If your graphics card has proper support for glReadPixels, the only reason the driver needs to sync the card ("glFinish()") is because of the synchronous nature of glReadPixels in OpenGL spec. The application must have the data available when at glReadPixel call return time.

What is really necessary is an asynchronous glReadPixels, it's of little use to have the fastest readback bus in the world if you have to wait idle until the current rendering has finished and your data has returned to the CPU.

By pipelining glReadPixels calls, you should be able to hide most of your latencies.



This is not a driver problem.


I agree about glDrawPixels though; there seems little reason for that being slow.My guess with glDrawPixels is that it can be implemented in 2 ways.

One is to directly write pixels to the framebuffer. This, among other things, requires a full glFinish. Also, this probably violates the GL spec because it probably says that per-fragment and post-fragment processing happen on glDrawPixels as well as other methods of rendering.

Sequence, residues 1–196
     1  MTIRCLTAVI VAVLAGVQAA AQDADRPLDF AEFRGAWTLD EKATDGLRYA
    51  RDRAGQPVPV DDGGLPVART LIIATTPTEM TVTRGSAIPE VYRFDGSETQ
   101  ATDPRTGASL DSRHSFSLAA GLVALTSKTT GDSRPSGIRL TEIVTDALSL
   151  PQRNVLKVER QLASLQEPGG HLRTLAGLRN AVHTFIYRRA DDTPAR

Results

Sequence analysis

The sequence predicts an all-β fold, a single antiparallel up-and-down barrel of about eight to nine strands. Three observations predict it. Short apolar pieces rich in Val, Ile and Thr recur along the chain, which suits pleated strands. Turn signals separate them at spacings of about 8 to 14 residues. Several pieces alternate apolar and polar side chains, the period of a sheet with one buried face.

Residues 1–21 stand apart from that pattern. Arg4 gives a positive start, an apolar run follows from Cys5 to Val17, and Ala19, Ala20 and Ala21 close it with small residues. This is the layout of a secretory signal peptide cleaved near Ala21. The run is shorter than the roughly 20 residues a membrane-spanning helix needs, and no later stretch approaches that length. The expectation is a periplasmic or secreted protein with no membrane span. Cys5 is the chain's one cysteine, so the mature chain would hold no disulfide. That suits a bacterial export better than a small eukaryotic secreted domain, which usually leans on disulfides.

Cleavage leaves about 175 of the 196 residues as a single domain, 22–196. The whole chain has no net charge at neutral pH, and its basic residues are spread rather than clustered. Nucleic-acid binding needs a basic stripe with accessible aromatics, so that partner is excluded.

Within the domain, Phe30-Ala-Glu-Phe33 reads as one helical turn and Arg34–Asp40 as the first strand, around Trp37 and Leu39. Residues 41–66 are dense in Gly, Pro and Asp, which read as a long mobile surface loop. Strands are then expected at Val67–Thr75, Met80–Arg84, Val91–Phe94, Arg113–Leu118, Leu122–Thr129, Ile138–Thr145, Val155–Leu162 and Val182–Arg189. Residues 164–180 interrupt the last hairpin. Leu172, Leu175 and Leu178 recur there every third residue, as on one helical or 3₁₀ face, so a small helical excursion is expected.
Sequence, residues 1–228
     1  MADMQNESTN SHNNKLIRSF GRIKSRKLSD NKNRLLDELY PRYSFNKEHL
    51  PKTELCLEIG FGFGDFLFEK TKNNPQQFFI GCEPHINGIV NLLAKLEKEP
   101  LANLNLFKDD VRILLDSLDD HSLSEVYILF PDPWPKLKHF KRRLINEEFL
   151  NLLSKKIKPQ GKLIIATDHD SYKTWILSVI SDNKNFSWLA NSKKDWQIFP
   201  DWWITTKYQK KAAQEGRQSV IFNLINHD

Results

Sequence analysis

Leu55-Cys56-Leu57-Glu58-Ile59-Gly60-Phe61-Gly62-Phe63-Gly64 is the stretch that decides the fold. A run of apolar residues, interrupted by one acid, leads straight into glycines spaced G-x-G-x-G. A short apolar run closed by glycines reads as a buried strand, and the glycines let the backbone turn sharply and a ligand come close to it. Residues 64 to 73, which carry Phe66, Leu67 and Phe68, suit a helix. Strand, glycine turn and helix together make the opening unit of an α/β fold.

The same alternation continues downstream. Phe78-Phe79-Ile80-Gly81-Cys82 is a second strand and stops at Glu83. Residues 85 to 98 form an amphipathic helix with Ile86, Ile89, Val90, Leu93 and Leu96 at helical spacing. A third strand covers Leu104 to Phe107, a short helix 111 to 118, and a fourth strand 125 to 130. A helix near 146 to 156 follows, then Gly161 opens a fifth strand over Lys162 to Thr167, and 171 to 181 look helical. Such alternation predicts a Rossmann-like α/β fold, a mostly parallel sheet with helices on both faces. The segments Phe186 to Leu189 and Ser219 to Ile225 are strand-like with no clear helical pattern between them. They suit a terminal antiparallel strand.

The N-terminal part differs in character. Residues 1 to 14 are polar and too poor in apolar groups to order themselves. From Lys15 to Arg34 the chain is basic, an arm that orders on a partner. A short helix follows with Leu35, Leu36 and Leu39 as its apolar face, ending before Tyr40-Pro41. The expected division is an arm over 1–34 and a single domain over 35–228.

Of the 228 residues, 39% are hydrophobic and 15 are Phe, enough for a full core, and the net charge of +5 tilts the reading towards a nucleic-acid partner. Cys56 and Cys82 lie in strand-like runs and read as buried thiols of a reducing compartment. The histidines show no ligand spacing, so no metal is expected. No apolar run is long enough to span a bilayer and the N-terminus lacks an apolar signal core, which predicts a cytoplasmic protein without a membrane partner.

Well that shouldn't be a problem, because a glDrawPixels is treated as a point wrt texture sampling and color interpolation, so the whole quad gets the same color & texel values.

Anyway, directly writing things to the framebuffer is *very* bad, and that's why a function like glDrawPixels - contrary to what you think - is good, because it abstracts the app from the underlying video memory layout and its use doesn't force a pipeline flush (unlike a buffer "lock").



The other is that, to do a glDrawPixels, they have to internally create a texture (memory alloc. Not fast), load it with your data (memcopy. Also not fast), change a bunch of per-vertex state so that they can draw a quad (state change), draw the quad, and then change the state back (state change).
There's a third method and is that the graphics card supports drawpixels natively, where the pixel data is supplied as fragment data, in the same way a graphics card supports "texture downloads" (those seem to be "texture uploads" for non-driver people).